Sweet Kiss Cake Shop has been this busy every year since 1989, the year Ilona Varga and Istvan Varga took over. Bejgli, dobos and strudel are some of their specialties. They’re Hungarian immigrants who, before arriving in Australia, worked almost everyday of their lives as pastry chefs; they started their apprenticeships at age 14.
Their son, Adam Varga, also a pastry chef, owns the patisserie now (he’s also to thank for the modern cakes and incredible khorasan – a type of wheat – sourdough). But as he says, “We still work together. I make the modern cakes and they make the traditional Hungarian products.”
Bejgli (a firm, brioche-like roll stuffed with walnut paste and poppyseeds) is a common treat during Hungarian Easter. The rest of the year most of the orders (there's a large but dwindling Hungarian population in east Sydney) are for dobos (an intricately layered chocolate mousseline cream and savoy sponge cake topped with toffee – the quintessential Hungarian cake); esterházy (a pretty walnut sponge and brandy mousse cake named after an 18th century prince); and, most of all, strudel (a dense puff-pastry roll stuffed with cheese and apple or cherries).
Being one part cheese, one part pastry and one part fruit, it's a natural crowd-pleaser, but Sweet Kiss's version isn’t just any old strudel. Like most expertly made pastries, or anything, really, there’s an unquantifiable, indiscernible pleasure to it. “Strudel gets me every time. Particularly the end of the strudel. Close to burnt but not, and a good amount of filling,” says Adam.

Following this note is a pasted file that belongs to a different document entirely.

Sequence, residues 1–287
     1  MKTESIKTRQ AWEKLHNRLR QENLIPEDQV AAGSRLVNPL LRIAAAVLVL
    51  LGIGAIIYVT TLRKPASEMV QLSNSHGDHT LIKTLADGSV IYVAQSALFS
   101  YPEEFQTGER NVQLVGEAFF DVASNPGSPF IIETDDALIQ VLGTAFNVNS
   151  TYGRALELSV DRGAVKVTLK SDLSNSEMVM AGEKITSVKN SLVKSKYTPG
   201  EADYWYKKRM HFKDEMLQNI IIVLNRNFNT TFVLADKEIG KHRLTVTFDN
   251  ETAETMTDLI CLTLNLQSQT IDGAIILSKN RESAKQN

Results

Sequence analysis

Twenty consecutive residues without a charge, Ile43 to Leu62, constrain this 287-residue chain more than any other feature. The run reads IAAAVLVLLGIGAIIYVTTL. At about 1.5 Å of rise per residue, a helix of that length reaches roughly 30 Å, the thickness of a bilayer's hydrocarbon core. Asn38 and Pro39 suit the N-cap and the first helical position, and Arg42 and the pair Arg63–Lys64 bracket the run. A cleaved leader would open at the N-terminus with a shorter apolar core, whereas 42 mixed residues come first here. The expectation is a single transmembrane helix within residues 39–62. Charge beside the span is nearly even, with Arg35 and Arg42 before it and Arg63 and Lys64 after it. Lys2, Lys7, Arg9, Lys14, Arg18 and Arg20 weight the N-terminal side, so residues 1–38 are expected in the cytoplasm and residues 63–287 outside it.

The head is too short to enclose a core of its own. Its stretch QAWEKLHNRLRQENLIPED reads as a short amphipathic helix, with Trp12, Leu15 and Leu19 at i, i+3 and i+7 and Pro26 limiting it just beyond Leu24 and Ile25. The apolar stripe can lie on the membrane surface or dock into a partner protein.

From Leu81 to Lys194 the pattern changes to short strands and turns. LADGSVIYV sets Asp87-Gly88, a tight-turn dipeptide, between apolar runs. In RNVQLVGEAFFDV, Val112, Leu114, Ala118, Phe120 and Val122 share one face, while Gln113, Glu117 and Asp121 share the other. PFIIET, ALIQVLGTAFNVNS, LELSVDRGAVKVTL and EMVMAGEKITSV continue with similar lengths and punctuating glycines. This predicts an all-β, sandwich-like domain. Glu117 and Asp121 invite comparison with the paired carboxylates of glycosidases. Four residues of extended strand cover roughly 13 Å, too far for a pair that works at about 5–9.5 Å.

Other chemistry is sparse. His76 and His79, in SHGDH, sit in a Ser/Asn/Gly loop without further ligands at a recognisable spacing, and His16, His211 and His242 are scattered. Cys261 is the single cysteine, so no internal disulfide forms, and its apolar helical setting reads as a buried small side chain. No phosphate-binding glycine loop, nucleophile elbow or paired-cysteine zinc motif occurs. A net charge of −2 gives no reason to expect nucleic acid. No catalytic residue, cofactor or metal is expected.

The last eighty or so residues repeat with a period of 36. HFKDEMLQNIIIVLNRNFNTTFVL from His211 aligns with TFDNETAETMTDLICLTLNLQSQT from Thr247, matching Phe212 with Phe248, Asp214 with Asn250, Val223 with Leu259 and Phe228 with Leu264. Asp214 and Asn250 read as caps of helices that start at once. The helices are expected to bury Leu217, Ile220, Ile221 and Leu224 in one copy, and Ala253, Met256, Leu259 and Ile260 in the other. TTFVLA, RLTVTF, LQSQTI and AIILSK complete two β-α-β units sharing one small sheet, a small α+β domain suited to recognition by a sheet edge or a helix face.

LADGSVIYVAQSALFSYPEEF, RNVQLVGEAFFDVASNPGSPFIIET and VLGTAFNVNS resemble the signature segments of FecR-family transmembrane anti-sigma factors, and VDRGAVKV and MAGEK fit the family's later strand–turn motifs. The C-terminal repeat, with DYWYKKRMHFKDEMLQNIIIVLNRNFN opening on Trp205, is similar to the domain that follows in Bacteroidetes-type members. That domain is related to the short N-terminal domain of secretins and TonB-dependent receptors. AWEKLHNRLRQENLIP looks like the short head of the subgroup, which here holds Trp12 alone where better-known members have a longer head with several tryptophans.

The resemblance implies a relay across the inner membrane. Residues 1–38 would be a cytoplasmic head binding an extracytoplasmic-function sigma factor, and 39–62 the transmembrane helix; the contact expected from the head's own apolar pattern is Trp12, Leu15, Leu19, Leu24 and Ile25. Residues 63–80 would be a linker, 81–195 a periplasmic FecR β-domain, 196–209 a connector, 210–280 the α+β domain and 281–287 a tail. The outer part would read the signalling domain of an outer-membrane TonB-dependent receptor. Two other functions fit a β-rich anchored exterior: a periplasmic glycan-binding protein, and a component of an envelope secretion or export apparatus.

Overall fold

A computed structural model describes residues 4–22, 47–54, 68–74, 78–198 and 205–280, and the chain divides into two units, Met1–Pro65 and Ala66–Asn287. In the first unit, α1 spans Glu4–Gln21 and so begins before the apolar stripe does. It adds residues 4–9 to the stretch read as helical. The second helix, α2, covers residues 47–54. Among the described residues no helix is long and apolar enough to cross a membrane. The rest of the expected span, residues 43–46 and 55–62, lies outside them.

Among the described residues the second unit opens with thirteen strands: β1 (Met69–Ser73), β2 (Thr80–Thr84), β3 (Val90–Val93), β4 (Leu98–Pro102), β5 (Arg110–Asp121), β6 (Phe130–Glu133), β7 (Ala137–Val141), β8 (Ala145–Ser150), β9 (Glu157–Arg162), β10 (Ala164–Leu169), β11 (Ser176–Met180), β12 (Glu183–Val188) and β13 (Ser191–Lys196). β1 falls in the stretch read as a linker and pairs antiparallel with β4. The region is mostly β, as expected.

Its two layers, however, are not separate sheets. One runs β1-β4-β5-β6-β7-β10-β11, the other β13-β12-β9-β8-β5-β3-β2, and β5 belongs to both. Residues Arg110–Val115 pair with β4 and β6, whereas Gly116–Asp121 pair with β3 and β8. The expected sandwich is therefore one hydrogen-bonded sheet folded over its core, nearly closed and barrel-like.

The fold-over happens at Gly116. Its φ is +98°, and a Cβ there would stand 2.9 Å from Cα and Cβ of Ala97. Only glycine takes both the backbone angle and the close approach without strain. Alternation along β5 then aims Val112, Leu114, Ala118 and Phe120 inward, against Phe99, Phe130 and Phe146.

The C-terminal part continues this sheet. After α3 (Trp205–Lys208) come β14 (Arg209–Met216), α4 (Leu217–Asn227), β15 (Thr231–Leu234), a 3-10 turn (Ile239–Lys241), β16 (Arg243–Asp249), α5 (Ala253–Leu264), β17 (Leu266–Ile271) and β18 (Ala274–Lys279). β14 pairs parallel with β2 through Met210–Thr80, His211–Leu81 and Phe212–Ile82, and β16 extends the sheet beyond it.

For all the Hungarian customers coming it’s about nostalgia; enjoying what they ate decades ago as kids. “[The strudels] are still, to a tee, made the same way they were 40 years ago,” Adam says. The Vargas make everything by hand within the shop and use, where relevant, Hungarian ingredients. “We import all our cherries from Hungary. It's similar to German black cherries. They’re very sour, you don't get that in Australia. Here they're more sweet.”
Adam hopes to carry on his family and his culture’s traditions. “You know, there's not many people in Sydney who do it. There's us and Wellington [Cakes, in Bondi]. It's essential that knowledge stays. You have to remember where you’re from.”